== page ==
When Moses, who was brought up in Pharaoh’s home, left the palace to see how his fellow Jews were doing, he encountered two Jews fighting. The verse states that “Moses turned to the wicked one and asked him, ‘Why are you going to strike your friend?’”22 A close reading reveals that the person had not yet hit his fellow and, nonetheless, the Torah refers to him as wicked. The Talmud concludes that even one who merely lifts up his hand in violence is deemed wicked.23

Some authorities suggest that a would-be striker has not actually committed any sin in the legal sense; the Talmud just wants to emphasize its hard-line approach to interpersonal violence.24

However, most authorities opine that it is a sin to lift a hand in violence.25 There is discussion as to whether this sin is biblical or rabbinical in nature.26 The fact that it is derived from the verse in Exodus would seem to imply that it is forbidden on a biblical level, and this is in fact the opinion of many authorities.27 However, it seems that in Maimonides’ opinion it is forbidden only on a rabbinical level, since this verse does not explicitly teach this law.28

Some authorities rule that one who lifts his hand in violence is not invalidated as a witness.29 The reason for this would be that, although there is a rule that a wicked person is invalidated as a witness, one is considered wicked only if the sin committed is punishable by lashes,30 and the general consensus is that lifting a hand does not warrant lashes.

However, in the opinion of most authorities, and this is in fact the final halachah,31 one who lifts a hand in violence is invalidated from being a witness.Why?

1) Rabbi Yosef Karo posits that, although the rule is that only one who commits a Torah transgression that is punishable by lashes is invalidated from serving as a witness, from the perspective of rabbinic law, an offender can be invalidated even where there are no lashes if the prohibition transgressed is biblical.32

2) Lifting up one’s hand against another person is an exception, since the Torah explicitly called such a person a wicked person and, as mentioned above, wicked people are invalidated from serving as witnesses.33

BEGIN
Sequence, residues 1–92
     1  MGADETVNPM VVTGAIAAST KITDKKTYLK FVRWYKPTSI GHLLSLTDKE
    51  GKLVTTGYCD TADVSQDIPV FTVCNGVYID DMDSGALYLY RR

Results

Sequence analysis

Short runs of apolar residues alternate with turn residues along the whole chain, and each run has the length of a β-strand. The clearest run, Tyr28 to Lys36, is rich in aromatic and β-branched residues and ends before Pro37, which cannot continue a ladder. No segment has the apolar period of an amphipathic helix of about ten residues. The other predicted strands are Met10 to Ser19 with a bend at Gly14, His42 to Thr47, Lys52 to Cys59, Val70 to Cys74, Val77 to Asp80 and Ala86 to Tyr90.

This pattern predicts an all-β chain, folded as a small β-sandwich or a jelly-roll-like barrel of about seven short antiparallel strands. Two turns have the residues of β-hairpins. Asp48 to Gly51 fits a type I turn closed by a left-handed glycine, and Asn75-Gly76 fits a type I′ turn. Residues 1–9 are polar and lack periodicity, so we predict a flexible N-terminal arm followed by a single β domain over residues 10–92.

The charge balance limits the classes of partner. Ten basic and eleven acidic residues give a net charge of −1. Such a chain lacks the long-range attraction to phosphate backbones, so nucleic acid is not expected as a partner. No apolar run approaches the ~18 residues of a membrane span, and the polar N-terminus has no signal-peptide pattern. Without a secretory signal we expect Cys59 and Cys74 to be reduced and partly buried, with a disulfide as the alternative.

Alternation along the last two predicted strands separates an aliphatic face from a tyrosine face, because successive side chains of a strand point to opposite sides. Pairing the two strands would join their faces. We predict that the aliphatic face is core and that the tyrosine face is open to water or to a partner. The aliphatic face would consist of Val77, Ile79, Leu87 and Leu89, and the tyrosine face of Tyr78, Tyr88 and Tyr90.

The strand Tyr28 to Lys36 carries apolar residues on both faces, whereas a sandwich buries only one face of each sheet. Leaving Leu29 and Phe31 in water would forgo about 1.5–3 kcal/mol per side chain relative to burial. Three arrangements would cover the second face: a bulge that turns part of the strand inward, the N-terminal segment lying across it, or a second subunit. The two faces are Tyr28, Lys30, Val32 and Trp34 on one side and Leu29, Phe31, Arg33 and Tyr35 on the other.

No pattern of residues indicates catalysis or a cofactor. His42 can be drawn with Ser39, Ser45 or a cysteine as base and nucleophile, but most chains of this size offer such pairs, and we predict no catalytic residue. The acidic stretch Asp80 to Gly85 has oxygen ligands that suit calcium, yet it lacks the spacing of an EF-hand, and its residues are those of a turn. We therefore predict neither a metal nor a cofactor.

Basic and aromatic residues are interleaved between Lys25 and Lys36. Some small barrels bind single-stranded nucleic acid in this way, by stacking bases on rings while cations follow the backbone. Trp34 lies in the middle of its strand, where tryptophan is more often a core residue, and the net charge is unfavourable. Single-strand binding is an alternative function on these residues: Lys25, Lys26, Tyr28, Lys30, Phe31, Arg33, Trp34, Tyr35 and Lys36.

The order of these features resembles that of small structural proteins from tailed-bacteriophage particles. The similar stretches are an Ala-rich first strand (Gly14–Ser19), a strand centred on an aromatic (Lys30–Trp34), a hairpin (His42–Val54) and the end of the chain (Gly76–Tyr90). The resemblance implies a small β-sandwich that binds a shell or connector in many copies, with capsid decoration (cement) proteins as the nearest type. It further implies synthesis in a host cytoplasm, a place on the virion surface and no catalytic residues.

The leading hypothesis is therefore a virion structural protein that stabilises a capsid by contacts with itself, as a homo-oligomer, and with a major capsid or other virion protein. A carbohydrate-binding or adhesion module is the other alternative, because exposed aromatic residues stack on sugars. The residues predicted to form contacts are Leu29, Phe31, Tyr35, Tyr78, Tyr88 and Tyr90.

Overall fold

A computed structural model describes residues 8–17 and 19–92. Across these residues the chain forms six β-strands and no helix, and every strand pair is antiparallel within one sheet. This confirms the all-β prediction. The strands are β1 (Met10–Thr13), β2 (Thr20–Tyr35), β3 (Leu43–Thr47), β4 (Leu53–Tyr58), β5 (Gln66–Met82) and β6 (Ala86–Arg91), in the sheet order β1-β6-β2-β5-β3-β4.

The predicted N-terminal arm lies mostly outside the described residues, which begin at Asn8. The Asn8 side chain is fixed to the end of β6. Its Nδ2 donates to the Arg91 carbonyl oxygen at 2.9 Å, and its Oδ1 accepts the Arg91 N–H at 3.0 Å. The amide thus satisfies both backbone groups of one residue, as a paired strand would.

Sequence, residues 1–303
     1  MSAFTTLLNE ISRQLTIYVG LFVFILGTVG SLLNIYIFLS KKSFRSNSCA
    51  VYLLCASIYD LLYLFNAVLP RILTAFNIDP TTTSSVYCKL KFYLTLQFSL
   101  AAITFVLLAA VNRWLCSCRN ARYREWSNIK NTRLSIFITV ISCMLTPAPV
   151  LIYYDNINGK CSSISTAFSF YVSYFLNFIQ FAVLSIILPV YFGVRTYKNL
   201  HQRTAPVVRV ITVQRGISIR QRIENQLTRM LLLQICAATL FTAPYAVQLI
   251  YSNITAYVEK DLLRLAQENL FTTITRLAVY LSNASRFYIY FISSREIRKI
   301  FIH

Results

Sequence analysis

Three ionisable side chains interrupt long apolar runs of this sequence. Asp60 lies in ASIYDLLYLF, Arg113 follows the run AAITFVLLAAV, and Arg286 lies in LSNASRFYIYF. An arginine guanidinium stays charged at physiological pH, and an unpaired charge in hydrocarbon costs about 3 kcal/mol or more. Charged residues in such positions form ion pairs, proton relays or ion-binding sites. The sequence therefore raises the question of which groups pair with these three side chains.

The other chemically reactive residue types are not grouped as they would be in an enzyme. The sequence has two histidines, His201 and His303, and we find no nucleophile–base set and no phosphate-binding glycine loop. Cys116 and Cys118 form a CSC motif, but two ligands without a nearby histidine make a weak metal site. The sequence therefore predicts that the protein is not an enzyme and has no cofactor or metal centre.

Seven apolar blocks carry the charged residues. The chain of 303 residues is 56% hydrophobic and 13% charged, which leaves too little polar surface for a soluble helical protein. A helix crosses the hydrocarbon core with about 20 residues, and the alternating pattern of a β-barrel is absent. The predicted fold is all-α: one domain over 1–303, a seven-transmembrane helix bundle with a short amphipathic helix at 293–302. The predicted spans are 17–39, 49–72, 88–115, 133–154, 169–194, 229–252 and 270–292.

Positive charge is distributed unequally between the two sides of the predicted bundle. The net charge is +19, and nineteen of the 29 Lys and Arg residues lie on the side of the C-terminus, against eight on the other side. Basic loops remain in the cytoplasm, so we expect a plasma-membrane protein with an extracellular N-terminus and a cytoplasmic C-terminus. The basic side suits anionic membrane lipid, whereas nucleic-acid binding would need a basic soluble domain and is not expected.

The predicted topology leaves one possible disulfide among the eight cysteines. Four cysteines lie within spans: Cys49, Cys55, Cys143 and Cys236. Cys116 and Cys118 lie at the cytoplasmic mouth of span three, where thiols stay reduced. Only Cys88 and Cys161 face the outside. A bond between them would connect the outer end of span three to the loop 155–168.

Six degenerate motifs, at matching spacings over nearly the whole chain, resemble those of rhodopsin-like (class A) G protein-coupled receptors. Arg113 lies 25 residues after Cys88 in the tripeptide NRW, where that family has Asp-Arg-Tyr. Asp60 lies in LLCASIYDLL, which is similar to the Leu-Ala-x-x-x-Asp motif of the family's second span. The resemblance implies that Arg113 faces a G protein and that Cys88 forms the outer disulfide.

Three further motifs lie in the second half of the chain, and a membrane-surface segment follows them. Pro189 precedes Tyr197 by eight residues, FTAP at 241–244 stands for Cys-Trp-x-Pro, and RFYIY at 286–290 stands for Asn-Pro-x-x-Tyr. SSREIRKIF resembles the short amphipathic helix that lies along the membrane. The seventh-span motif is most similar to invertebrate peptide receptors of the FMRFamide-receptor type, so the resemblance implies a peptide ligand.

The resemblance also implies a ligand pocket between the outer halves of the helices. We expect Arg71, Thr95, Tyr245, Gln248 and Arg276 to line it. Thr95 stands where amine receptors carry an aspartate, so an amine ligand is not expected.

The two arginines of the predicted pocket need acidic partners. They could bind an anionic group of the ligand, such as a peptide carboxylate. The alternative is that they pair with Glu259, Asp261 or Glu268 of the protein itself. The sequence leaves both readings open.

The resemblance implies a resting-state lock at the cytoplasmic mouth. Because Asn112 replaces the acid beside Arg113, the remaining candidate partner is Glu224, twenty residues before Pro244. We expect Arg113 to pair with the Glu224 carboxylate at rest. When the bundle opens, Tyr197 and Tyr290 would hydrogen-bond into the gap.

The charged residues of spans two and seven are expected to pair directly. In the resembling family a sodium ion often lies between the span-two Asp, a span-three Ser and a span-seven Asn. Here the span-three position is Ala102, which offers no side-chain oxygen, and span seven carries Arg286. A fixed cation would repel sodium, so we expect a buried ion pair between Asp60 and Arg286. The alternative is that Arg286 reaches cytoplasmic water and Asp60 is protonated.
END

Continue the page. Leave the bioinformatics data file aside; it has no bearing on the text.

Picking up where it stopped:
A number of explanations have been given as to why lifting a hand is forbidden:

1) Lifting up one’s hand is the beginning of the forbidden act of hitting.34

2) The problem lies in the fact that the person has shown intent to commit the sin of hitting another person.35

3) The prohibition serves as a safeguard against the sin of hitting another person. The Torah (or the rabbis) forbade lifting one’s hand against another person so as to prevent people from transgressing the prohibition of hitting another person.36

4) The mere act of lifting one’s hand is an act of violence and shows a negative character trait in the aggressor.37

5) Alternatively, the mere act of lifting one’s hand instills fear in the other person. As a result the aggressor transgresses the prohibition of onaat devarim (verbal oppression), causing emotional pain to another person.38

Practical Ramifications

The Rebbe posits that the distinct reasons given above as to why lifting a hand is forbidden lead to different understandings of the Talmudic statement regarding the offender’s wickedness and eligibility to serve as a witness.39

If one adopts the explanation that raising one’s hand in violence is problematic because it is the beginning of the act of hitting or because it shows intent to hit one’s fellow (explanations #1 and #2 ), then it would be difficult to understand how raising one’s hand could have any legal ramifications. There is a general rule that the Torah does not punish for intent alone, and seeing that no harm has been inflicted on the other person, why would such a person be considered wicked in any legal sense of the world? It therefore makes sense to say that the Talmud was not making any legal statement, but rather is to be understood homiletically. It follows that the act of lifting one’s hand up in violence does not actually invalidate the offender from serving as a witness.

If however, one adopts the explanation that the act of lifting one’s hand up in violence is in itself a negative act (reasons #4 and #5), then there is no reason not to take the Talmud literally to mean that it is a forbidden act, and one can readily understand why it disqualifies one who commits this act from serving as a witness.

The Purpose of Hands

The Rebbe offers a fascinating insight into why lifting one’s hand against another person is considered such a terrible act.

In a talk on Shabbat Parshat Noach 5748, the Rebbe asked why the Talmud specifically states that one who lifts his hand is consideredHands were created to do acts of kindness wicked. Surely one who lifts up any other body part against another person should be considered wicked as well?

The Rebbe answered that there is an important lesson to be learned from the phrasing of this Talmudic dictum. A person’s hand was created to do acts of tzedakah (charity) and kindness. When a person uses his hand for opposite aims, he sins, not only against his fellow man, but also against his Creator, who created his hand for a specific purpose.

This passage of Talmud teaches us how important it is to use all the gifts G‑d has bestowed on us—wealth, health and talents—for the purpose for which they were created, namely, for the service of G‑d.